At least 12 killed in Daesh attacks in Tehran. Iranians blame Saudis
Islamic State operatives, including suicide bombers, launched a coordinated attack on Iran's Capital Tehran on Wednesday, killing at least a dozen people and injuring more than 42 others, according to Press TV.
Two teams of highly trained terror operatives, armed with Kalashnikovs, grenades and explosive suicide belts, targeted Parliament and Ayatollah Khomeini's mausoleum, two important pillars of the Shiite theocracy, which 10-12 kilometres apart from each other.
This is the first time IS, also known as ISIS or Daesh, has attacked the Iranian capital. It is also the first terror strike in Tehran in more than a decade. So far, Iranian casualties in the war in Iraq and Syria were confined to its security personnel or volunteers involved in anti-Daesh operations.
Daesh, a radical salafist terror outfit, claims that Shias are heretics, and has been involved in multiple attacks on the members of the sect in Iraq and elsewhere.
Reports quoting Iranian intelligence officials claimed that the agencies managed to apprehend one team of attackers beforehand, averting more damage. It is still not clear what information came out of the arrested operatives, but some reports say the agencies may have had an inkling about the plot to target the Khomeini shrine.
Sequence of events
The attack continued through the day, as one team of attackers targeted Majlis, the Iranian Parliament, and reportedly took some hostages. One attacker is said to have blown himself up on the fourth floor of the building, while two others have been arrested, including one who had managed to escape the building but was apprehended later.
The attack started in the morning when, according to some reports, three to four attackers entered the Majlis disguised as women. The building is said to be undergoing renovation for enhanced security.
Iranian Deputy Interior Minister Hossein Zolfaqari claimed: “The assailants entered Parliament in women's dress and through the special gate for visitors, started the shooting spree and entered the area, causing fear and horror,” according to FARS, the semi-official news agency.
“In the first minutes of the attack, the Islamic Revolution Guards Corps (IRGC) forces entered the scene and gained control of the floor and main area of the Parliament building,” he added.
A few kilometres away, Ayat, Imam Khomeini's shrine, frequented by Iranians including the Supreme Leader Ayatollah Khamenei, came under attack, as three or four gunmen stormed the monument and started firing indiscriminately. One suicide bomber is said to have set off an explosion at the shrine as well, according to reports.
Blaming the Saudis
The IRGC has squarely blamed Saudi Arabia. In a statement, Deputy Commander of intelligence Hossein Nejat claimed Iran will taken revenge on Saudi Arabia.
"This terrorist attack happened only a week after the meeting between the US President and backward leaders who support terrorists. The fact that Islamic State has claimed responsiblity proves that they were involved in the brutal attack," Reuters quoted Nejat as saying.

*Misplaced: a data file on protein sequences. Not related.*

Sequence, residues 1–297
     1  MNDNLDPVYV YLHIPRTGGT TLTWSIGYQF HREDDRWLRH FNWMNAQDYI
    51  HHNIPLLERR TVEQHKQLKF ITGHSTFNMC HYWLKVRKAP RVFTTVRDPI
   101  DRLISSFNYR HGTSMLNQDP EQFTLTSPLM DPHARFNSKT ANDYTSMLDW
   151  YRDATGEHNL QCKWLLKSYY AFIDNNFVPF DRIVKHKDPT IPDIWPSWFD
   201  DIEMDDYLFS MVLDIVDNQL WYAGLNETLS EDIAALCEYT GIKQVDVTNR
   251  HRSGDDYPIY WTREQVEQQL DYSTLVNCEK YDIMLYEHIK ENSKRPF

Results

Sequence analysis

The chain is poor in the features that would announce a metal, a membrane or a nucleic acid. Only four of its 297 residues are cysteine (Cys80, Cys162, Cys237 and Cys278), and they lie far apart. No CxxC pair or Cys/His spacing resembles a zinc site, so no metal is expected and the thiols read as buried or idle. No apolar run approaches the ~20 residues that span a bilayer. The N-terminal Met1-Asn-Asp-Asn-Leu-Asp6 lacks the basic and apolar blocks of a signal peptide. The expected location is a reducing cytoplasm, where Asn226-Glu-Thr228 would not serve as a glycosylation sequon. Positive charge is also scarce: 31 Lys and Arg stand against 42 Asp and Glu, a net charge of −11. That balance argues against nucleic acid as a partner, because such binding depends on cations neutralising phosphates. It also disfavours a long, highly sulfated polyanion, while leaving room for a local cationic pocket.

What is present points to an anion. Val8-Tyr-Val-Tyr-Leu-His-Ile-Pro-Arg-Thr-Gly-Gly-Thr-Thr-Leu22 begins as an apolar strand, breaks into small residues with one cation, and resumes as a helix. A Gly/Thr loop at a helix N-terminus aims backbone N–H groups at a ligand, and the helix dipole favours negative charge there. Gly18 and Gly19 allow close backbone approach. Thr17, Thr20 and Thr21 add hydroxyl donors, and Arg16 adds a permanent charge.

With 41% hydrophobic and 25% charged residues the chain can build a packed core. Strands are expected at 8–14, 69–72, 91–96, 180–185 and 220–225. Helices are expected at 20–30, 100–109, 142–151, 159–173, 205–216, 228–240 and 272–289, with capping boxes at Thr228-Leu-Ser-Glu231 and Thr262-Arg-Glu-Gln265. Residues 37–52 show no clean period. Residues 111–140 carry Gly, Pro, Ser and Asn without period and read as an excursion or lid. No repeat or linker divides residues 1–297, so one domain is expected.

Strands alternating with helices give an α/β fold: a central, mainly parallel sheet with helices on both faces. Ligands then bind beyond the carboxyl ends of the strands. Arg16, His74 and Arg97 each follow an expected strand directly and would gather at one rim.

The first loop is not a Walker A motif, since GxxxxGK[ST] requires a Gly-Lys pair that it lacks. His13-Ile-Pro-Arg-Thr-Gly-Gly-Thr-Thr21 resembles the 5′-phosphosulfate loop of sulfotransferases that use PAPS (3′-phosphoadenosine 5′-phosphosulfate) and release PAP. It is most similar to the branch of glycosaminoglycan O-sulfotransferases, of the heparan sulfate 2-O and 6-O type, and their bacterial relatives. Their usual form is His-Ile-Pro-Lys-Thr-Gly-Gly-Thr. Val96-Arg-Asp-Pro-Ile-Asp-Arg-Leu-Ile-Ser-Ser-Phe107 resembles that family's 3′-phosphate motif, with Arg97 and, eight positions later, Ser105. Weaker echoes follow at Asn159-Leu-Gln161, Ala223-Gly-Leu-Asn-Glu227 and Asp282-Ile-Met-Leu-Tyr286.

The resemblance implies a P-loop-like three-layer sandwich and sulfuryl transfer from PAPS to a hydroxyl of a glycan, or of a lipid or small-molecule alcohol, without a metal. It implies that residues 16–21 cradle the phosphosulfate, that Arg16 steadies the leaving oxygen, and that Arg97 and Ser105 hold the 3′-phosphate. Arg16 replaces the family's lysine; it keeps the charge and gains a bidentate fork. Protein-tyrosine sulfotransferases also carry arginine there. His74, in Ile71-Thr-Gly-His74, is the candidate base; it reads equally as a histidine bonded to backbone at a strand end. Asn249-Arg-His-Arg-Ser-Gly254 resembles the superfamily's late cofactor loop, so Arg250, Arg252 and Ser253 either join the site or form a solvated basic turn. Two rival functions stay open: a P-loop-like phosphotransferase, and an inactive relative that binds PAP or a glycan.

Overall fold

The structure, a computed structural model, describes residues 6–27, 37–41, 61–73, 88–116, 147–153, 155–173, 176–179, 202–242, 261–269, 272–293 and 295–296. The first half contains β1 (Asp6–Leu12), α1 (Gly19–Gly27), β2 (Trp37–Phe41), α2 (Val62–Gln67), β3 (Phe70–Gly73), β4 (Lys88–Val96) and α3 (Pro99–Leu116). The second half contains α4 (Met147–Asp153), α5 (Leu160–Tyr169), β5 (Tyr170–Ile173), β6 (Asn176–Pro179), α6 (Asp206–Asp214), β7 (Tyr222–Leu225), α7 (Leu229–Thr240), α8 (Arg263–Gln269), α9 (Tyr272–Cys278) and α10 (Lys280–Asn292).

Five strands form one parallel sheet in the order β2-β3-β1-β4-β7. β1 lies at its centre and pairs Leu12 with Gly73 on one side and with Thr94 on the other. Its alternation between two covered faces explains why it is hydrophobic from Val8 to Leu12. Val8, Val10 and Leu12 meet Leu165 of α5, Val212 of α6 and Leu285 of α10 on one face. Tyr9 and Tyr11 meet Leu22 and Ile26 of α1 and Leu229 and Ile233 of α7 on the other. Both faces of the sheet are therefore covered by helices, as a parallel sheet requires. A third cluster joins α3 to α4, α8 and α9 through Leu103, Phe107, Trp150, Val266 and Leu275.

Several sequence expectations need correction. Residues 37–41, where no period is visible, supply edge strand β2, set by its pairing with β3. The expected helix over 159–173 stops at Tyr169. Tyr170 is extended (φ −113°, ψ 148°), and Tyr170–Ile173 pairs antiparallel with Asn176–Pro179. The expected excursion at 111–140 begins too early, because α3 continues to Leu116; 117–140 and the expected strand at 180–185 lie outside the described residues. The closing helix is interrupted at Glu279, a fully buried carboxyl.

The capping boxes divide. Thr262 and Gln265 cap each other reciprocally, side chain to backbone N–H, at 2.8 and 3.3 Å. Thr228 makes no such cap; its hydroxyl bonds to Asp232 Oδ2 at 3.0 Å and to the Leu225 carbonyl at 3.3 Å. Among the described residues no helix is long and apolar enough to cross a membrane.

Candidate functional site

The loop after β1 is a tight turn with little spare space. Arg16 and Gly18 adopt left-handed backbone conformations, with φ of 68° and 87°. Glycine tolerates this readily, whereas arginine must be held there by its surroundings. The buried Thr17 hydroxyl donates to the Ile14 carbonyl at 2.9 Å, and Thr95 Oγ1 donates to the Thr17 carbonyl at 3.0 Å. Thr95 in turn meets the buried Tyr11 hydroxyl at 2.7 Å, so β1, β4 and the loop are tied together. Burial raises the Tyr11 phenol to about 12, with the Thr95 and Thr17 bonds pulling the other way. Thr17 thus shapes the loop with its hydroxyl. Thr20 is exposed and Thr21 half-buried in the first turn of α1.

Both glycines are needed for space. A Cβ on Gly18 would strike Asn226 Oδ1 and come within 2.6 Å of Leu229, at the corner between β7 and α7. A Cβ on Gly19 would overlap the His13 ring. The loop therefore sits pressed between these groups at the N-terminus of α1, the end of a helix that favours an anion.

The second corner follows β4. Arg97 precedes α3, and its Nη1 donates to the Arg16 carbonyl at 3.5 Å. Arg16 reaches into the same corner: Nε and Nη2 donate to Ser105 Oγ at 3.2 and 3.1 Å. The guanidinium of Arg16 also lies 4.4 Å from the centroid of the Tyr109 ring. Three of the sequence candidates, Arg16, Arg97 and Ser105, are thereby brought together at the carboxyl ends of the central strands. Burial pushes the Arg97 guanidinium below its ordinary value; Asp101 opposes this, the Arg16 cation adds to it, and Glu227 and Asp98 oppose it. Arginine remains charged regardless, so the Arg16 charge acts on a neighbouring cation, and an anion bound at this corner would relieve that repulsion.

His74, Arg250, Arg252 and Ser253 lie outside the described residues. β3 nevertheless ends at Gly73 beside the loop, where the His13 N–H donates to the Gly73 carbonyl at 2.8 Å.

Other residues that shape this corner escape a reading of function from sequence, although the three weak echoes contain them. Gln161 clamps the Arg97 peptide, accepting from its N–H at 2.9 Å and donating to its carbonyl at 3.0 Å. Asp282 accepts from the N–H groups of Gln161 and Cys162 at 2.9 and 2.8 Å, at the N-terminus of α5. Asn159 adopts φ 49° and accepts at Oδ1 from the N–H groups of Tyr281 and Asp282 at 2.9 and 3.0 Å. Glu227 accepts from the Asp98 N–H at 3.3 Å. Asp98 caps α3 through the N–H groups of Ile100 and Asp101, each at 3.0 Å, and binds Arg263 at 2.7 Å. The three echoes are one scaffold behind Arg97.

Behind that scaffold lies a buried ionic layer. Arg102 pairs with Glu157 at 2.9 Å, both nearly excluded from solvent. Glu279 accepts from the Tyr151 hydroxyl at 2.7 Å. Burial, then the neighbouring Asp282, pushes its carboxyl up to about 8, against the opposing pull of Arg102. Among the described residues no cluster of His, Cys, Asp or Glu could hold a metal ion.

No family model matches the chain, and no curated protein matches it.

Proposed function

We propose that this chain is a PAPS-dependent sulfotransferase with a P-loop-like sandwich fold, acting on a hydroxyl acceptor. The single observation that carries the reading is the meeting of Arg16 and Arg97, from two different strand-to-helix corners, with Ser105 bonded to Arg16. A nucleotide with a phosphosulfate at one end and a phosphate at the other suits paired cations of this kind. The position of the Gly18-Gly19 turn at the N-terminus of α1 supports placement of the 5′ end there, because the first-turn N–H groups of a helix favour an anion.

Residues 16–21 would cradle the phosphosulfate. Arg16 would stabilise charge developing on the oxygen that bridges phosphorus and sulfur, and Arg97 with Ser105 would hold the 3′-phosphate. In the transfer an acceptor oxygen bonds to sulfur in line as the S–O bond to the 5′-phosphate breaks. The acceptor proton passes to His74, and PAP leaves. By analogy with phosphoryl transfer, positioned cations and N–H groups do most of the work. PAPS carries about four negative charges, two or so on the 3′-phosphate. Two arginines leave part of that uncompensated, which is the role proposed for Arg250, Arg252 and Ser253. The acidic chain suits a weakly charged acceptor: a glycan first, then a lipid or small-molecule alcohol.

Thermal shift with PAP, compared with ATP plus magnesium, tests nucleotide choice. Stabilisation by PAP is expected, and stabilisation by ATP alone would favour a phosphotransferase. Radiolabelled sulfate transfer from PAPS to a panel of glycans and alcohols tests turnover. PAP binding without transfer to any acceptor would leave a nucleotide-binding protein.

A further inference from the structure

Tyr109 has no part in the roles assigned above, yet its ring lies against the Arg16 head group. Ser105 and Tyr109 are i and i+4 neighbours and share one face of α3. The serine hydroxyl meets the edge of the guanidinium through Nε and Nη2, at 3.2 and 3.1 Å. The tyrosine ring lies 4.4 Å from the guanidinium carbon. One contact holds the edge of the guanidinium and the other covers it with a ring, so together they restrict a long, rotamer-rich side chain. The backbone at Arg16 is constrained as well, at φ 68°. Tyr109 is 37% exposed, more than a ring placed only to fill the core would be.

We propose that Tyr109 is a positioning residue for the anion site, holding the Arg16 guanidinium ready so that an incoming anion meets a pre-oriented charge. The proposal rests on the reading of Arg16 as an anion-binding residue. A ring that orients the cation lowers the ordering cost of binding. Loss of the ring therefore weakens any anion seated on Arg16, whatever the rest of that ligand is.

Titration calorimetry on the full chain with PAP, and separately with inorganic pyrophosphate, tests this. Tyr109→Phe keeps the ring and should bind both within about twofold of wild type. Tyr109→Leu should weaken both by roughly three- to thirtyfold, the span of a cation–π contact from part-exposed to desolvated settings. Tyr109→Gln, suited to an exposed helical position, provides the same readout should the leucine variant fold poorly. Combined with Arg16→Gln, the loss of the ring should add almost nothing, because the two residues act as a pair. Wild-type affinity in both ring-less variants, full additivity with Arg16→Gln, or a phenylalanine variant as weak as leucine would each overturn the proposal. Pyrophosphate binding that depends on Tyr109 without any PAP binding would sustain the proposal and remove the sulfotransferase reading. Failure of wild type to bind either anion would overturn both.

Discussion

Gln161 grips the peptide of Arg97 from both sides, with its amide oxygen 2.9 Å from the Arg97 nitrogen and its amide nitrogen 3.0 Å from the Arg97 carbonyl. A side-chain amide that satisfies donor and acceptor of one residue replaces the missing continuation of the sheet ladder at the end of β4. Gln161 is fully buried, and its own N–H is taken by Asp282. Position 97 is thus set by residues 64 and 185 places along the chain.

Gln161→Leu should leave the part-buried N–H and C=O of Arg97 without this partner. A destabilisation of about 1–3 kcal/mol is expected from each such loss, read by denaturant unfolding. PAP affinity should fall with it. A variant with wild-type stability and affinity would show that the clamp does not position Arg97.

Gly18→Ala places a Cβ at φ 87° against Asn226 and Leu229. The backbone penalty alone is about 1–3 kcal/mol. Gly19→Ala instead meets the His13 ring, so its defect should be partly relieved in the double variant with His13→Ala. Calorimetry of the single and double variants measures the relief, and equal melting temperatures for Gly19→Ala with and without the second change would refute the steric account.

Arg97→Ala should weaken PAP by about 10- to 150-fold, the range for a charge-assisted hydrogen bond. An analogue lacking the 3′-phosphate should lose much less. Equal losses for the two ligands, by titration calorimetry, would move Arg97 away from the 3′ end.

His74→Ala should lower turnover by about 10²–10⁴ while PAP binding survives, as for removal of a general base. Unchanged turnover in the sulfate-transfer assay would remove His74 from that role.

The attack comes weeks after reformist Hassan Rouhani was re-elected as President. Rouhani has been credited for his efforts to normalise Iran's relations with Western countries.
The win was followed by US President Donald Trump's visit to Saudi Arabia where, playing to the gallery at the Gulf Cooperation Council, he accused Iran of supporting terror, and vowed to isolate Iran.
The visit set off a diplomatic upheaval, with all the major Sunni powers cutting ties with Qatar over its dealings with Iran, already a pariah state for the Gulf monarchies. The Saudis accuse the Qataris of punching above their weight, and have asked them to change their policies.
Recently, the Iranian government had moved the UN Security Council with a complaint in May over remarks by Prince Mohammad Bin Salman, who said the battle for influence between the Sunni Muslim kingdom of Saudi Arabia and the Shiite Iran ought to take place “inside Iran, not in Saudi Arabia”.
Saudi Foreign Minister Adel Jubeir, who is visiting Paris, said: “Iran must be punished for its interference in the region and support for terrorist organisations,” according to a report in Al Arabiya.
Iran a prime IS target
Iran has been a prime target for the IS. In August 2016, the Iranian intelligence minister had talked about how over 1,500 individuals were stopped from joining it.
Radio Free Europe/Radio Liberty, in a recent report, talked about a video released by the terror group in Persian, which asked the Sunni minority to rise against the Shiite Iranian establishment.
The RFERL report said since the video release, “IS has published four issues of its online propaganda publication Rumiyah in Persian.”
India's External Affairs Minister Sushma Swaraj condemned the attacks on "institutions of democracy and spirituality in Tehran". In a telephonic conversation with her Iranian counterpart Mohammad Javad Zarif she offered condolences and expressed solidarity with the people of Iran.